a fearful energy to their power by concerIntelligent Whigs do not need to be in- trating it in the hands of a monocratic formed what their principles are; but a chief, elective by their suffrages, servis silmmary statement of them cannot do the for a limited time, and bound and pledra best of us any harm. The great doctrine to make their pleasure, and the gratificado whick gave us our party designation was of their will and wantonness, the principa that of opposition to Executive usurpa-end and aim of his administration. In tions. We hold it to be essential to the such a government, Congress is nothing success of our free form of government but a convenient, or inconvenient, sort of that the President should be kept strictly medium interposed between the nation and within the limits of his proper Constitution. the ruling chief, through which his decres al authority Events have shown what are made known by a formal registratas, fatal mischiefs do and will follow if that and through which also his necessary saphigh functionary, with the vast patronage plies are furnished. We Whigs want to which attaches to his office, is permitted such government as this. We desire to to overstep the Constitutional boundary see the Congress restored to its original

powers under the Constitution, and the derstand anything about it, is a cardinal President confined to the performance of principle with the Whig party. We want the proper executive duties of his station. so much of the government of the counWe want no Presidential vetoes on the or- try, out and out, as the Constitution has dinary legislation of Congress-a business confided to Congress, to be and remain in which the Constitution has confided ex- the hands of that body, free from the arclusively to that body. We wish to see bitrary interposition, and equally free from the exercise of this high conservative pow the corrupt blandishments, of the Execuer reserved for extraordinary occasions, and tive. He who adopts and maintains this used only to correct some manifest and great and distinctive principle is a Whig, undoubted error, or to arrest some certain and all good Whigs will welcome him to and imminent mischief to the Constitution their fellowship. It lies at the very founor the country. We do not want to see it dation, it is of the very essence, of Whig used as if the President held a portion of faith, that—except in regard to our foreign the ordinary legislative power, with a nega- relations confided to the President and tive on all legislation which is practically Senate, in regard to nominations and apabsolute. If Congress passes a law to do pointments to office, in regard to the titular an act of long-delayed justice to some of command of the army and navy, and in our citizens, as in the case of the law regard to other specified duties properly passed two years ago to pay moneys appertaining to the chief executive Office honestly due from the Government on ac- of the Government—the whole policy and count of French spoliations prior to 1800, conduct of our public affairs have been we do not want to see an Executive veto confided by the Constitution to the control interposed without one plausible or even and direction of Congress. There the decent reason given for it. If Congress effective and efficient power ought to rechooses to make appropriations for the side; there it ought to be independently improvement of rivers and harbors-a exercised. The President is required, from power exercised from the foundation of the time to time, to communicate information Government-we want to see the will of to Congress on the state of the nation, in Congress stand as the law of the land, in order that that body may act understandspite of any private opinion to the contra- ingly in its affairs and interests. Placed as ry which the President may happen to he is, at the centre and head of the adentertain. And if Congress, in providing ministrative affairs of the Government, in a local government for any of our territo- the control of its foreign relations, its apries, should insist on preserving all terri- pointing power, and its executive authoritories now free from the intrusion of ty, he is required also to recommend to slavery, (no new or unused power in this Congress such measures as he shall judge government,) we want to see such legisla- necessary and expedient. Beyond this, howtion stand without any intermeddling or ever, his power over the internal policy and gainsaying on the part of the President. the ordinary legislation of the country does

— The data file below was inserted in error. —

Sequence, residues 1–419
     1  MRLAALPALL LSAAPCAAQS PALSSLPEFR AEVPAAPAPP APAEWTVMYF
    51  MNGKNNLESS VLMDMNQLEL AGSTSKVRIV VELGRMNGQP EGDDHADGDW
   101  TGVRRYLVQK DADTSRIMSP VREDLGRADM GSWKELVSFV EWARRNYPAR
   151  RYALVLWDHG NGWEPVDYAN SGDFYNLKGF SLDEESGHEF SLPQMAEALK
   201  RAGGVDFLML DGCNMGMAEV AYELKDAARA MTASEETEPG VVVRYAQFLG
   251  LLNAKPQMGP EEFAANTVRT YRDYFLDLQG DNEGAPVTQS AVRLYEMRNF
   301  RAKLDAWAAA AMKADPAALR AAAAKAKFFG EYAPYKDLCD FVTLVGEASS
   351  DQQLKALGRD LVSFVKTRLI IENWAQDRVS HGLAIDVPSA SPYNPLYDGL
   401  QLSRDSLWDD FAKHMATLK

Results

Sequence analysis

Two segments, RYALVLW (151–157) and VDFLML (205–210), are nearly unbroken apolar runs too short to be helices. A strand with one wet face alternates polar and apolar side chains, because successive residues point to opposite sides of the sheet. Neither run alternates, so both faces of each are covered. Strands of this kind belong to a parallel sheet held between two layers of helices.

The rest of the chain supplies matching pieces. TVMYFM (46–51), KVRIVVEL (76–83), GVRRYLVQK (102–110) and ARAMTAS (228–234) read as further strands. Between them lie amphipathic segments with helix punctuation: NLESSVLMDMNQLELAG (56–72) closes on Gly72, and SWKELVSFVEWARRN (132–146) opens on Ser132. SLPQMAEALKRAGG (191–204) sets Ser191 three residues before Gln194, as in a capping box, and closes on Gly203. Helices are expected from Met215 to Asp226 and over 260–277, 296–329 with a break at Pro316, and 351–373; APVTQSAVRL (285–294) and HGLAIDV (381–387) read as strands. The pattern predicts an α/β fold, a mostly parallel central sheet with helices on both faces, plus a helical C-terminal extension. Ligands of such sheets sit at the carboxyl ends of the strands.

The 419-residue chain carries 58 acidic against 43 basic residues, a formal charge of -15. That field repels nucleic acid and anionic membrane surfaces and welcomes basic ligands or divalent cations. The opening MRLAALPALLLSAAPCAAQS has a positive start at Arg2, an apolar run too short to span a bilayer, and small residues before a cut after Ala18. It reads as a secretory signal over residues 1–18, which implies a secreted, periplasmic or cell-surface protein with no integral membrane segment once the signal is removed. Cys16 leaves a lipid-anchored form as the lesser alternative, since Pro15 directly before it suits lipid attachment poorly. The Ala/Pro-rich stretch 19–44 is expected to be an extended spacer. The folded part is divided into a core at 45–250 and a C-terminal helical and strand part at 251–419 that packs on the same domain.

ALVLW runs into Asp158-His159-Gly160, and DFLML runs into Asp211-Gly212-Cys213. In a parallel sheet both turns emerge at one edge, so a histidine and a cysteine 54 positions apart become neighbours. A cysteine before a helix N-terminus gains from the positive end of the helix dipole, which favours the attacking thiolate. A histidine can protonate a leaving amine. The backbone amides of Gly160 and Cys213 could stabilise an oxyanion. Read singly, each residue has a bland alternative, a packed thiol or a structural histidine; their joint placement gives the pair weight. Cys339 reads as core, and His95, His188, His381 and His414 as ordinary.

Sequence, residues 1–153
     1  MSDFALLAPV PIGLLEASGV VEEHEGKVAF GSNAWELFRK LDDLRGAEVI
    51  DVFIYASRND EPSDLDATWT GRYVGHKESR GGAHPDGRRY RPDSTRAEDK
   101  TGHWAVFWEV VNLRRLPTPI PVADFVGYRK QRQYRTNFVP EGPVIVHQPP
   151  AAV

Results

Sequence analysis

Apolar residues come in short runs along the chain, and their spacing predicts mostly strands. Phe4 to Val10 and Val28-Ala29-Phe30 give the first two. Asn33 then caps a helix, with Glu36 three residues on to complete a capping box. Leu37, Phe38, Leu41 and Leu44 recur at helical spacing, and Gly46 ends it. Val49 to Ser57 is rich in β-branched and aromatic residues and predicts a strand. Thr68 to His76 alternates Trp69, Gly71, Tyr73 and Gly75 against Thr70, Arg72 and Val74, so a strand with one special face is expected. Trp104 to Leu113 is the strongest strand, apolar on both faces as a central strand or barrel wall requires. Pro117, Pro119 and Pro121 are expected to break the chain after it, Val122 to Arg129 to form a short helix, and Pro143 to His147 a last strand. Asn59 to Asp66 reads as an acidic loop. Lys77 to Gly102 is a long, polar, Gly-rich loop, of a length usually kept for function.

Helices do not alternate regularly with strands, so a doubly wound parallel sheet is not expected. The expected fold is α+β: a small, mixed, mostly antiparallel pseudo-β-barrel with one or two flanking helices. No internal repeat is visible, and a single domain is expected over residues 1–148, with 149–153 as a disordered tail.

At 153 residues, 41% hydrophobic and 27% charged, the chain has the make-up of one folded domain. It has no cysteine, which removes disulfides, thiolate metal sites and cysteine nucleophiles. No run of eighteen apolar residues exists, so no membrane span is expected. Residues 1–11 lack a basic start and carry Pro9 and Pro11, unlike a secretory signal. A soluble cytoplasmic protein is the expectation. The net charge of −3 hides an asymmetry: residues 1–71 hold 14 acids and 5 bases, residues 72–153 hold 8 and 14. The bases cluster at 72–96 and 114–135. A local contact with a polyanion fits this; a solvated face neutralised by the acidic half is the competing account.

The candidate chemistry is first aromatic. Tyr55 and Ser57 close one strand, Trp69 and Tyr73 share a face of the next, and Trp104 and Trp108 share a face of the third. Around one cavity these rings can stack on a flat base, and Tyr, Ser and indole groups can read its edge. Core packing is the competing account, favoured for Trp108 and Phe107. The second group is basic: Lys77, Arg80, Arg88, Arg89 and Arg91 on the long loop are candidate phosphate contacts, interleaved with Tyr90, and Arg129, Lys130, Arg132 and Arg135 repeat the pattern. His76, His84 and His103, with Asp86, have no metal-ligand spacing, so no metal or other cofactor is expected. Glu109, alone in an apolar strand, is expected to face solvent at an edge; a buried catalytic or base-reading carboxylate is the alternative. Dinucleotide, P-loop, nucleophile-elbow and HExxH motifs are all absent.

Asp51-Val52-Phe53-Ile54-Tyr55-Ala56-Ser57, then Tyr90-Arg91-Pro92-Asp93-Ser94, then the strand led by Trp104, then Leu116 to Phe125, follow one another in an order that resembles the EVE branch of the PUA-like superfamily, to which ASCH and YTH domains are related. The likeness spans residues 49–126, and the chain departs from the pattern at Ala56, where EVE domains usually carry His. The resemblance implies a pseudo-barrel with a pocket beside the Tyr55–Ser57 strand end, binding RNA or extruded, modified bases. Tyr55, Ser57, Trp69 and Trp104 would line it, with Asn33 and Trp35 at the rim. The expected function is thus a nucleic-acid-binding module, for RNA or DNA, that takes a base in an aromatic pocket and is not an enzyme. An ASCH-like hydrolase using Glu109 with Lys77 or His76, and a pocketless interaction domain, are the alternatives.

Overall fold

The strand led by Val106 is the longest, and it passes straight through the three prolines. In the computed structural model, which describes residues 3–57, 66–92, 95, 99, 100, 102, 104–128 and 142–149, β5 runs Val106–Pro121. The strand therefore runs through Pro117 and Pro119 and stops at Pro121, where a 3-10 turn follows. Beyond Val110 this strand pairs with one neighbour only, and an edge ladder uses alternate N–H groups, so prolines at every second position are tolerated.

n short, we Whigs want to see the legis- not go. It is the express injunction of the ation of the country exactly in the hands | Constitution that “ All legislative powers where the Constitution has placed it. We herein granted shall be vested in a ConFant that the country should come back gress of the United States, which shall